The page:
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Golf Australia Express : GA Express 206
Adidas bought Adams just four years ago, and yet already wants to offload it. Should the golfing industry be worried? That depends. It’s a ‘chicken or the egg’ scenario in a way. On the one hand, here’s a company (Nike) that’s spent unfathomable amounts of money to ensure the sport’s two biggest names - Woods and Rory McIlroy – used its products, and yet even with the almost limitless exposure that those sponsorships provided, people still didn’t buy its products in adequate numbers to make a palatable business case. On the other hand, spending $200 million on one player, and well in excess of that amount on another, necessitates crazy revenue numbers. Perhaps if Nike hadn’t inked those industry- changing deals, it may not have sold as many clubs, but it wouldn’t have had to. The Nike situation, however, likely has less to do with the desirability of its golf clubs, and more to do with the desirability of golf. Those who love and play the game will always buy its products, whether they be from TaylorMade, Mizuno, Callaway, Ping or any of the myriad other brands on the market. But it’s hard to deny that there are simply fewer people loving and playing the game. Data from United States body the National Golf Foundation shows that last year there were 1.6 million fewer golfers playing the game in the US than there were in 2011, with numbers dropping from 25.7 million total golfers to 24.1 million. The number of players classified as “committed golfers” dipped below 20 million for the first time throughout that span, falling to 19.5 million. It’s a similar story in Europe, where KPMG’s Golf Participation Report, released earlier this year, shows that while the downward trend of people playing the game has stabilised, it’s still a downward trend. The number of people playing the sport in Europe fell 0.3 per cent last year, with 70 per cent of the countries surveyed either treading water or declining in their participation rates in 2015. Closer to home things are slightly more positive, with the Australian Golf Industry Council reporting a 3.6 per cent increase in the number of rounds played nationwide in 2014/15, compared with the previous year. They say that you can lead a horse to water, but you can’t make it drink. In Nike and Adidas’ case, they’ve provided plenty of water, but it’s increasingly apparent that there are no longer enough horses to drink it. Here’s hoping the Olympic exposure of golf spreads this game like we’ve been told it will. E IS THE DEMISE OF NIKE’S RANGE OF GOLF EQUIPMENT INDICATIVE OF A WIDER MALAISE WITHIN THE GOLFING EQUIPMENT INDUSTRY?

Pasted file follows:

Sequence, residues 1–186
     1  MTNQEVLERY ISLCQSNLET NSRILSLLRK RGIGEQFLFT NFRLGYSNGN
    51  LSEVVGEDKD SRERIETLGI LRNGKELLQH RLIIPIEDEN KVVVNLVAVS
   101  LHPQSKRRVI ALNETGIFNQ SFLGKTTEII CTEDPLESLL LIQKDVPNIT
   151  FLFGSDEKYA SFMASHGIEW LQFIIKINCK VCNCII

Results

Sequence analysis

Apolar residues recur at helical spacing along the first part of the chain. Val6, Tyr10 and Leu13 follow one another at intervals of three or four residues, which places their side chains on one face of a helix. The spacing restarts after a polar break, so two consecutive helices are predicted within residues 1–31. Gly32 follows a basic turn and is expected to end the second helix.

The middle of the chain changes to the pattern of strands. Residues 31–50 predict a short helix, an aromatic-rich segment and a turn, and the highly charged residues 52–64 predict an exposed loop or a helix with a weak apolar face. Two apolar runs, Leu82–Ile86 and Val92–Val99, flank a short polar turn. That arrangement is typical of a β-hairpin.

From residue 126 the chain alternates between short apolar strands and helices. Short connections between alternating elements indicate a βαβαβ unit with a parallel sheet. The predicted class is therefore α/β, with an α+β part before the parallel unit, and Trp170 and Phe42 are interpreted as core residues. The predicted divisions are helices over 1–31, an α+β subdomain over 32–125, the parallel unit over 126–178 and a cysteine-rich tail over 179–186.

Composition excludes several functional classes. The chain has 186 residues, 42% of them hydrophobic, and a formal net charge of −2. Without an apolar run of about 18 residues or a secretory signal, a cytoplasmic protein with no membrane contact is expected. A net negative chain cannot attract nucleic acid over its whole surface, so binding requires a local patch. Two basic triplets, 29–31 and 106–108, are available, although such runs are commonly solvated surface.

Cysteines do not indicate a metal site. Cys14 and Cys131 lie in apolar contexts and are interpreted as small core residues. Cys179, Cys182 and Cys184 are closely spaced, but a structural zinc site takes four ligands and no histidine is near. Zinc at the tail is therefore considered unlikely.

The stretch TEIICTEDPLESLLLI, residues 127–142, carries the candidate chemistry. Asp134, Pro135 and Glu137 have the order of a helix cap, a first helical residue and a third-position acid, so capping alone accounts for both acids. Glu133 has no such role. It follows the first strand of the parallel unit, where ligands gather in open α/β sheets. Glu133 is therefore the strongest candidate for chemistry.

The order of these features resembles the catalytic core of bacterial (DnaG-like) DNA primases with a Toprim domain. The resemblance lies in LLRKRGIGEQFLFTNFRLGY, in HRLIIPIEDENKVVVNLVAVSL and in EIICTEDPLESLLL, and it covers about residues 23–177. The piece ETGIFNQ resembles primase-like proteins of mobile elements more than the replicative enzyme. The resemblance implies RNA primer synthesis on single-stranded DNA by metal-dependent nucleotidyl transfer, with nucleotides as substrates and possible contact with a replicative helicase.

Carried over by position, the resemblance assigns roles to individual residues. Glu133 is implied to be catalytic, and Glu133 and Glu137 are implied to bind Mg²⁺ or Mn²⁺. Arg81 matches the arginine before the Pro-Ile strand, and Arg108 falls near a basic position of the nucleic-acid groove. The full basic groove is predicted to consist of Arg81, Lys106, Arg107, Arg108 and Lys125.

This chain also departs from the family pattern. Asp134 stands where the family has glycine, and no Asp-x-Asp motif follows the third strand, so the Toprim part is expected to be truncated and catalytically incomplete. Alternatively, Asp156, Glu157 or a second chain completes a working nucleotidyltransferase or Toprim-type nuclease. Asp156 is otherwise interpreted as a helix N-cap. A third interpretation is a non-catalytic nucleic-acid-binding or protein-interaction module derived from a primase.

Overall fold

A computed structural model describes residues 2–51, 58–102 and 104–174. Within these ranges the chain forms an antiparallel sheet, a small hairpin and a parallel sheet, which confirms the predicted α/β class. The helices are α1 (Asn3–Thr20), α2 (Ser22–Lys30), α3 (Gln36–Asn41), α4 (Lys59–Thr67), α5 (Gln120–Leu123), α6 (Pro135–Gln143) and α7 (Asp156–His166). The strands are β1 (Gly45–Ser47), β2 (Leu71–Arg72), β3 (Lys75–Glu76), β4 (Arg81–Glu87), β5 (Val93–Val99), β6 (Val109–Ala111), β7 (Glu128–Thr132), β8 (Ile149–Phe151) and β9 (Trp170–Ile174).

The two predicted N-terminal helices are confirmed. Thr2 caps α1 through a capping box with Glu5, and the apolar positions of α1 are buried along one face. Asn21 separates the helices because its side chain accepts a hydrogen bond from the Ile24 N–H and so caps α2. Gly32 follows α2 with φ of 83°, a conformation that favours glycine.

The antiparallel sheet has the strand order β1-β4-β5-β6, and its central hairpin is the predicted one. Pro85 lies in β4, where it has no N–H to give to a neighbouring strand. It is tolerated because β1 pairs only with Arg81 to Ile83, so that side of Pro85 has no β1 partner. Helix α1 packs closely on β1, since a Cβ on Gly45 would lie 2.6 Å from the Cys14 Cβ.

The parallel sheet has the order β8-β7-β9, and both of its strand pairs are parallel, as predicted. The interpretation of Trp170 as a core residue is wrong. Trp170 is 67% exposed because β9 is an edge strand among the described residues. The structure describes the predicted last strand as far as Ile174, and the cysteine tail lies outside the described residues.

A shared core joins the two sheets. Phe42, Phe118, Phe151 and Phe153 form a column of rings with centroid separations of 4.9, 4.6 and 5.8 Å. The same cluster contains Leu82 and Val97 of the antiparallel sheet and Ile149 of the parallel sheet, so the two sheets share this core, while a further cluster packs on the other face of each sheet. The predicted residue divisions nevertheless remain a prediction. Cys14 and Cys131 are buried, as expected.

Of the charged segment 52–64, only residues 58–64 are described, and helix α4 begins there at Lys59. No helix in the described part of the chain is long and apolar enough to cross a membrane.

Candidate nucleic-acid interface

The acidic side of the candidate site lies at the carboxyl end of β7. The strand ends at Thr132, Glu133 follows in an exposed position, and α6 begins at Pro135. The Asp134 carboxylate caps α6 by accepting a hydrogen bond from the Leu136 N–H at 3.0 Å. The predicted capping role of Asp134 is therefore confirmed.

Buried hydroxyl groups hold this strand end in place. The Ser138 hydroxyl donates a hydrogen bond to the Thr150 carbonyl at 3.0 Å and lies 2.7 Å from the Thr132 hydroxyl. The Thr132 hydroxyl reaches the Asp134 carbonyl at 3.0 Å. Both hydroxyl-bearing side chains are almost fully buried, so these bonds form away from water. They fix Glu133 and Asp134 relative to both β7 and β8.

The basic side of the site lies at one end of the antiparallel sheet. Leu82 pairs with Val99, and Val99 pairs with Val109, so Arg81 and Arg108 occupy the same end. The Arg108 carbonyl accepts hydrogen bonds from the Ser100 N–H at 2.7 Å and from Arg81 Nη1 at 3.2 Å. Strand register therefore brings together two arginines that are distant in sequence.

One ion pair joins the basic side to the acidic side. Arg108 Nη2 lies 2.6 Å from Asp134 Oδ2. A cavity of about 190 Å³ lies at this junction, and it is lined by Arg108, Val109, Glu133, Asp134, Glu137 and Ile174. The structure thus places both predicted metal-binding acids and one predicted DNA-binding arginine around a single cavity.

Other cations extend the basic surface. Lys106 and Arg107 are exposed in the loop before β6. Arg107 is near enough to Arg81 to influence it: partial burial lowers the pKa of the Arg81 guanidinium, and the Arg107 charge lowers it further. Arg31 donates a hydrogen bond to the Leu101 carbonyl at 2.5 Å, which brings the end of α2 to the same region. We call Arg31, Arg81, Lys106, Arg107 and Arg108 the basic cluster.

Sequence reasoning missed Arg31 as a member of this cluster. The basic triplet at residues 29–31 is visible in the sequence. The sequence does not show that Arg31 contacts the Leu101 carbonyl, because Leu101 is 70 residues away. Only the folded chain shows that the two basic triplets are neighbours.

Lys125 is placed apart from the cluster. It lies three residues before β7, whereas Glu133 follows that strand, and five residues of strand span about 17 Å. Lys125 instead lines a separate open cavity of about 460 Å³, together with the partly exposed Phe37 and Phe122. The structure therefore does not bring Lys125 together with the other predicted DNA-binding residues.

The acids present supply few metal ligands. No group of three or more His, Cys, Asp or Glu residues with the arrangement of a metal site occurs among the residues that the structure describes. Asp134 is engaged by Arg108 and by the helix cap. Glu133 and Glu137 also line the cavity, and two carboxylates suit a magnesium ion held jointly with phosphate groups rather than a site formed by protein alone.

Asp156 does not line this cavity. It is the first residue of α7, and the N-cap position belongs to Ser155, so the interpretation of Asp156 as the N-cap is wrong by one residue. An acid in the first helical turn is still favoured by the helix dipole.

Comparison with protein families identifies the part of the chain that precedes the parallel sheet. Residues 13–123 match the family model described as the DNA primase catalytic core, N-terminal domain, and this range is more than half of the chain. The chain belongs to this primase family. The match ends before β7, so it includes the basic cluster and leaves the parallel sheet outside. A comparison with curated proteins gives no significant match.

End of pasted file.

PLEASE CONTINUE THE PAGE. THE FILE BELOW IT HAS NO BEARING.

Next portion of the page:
GA Express 205
GA Express 207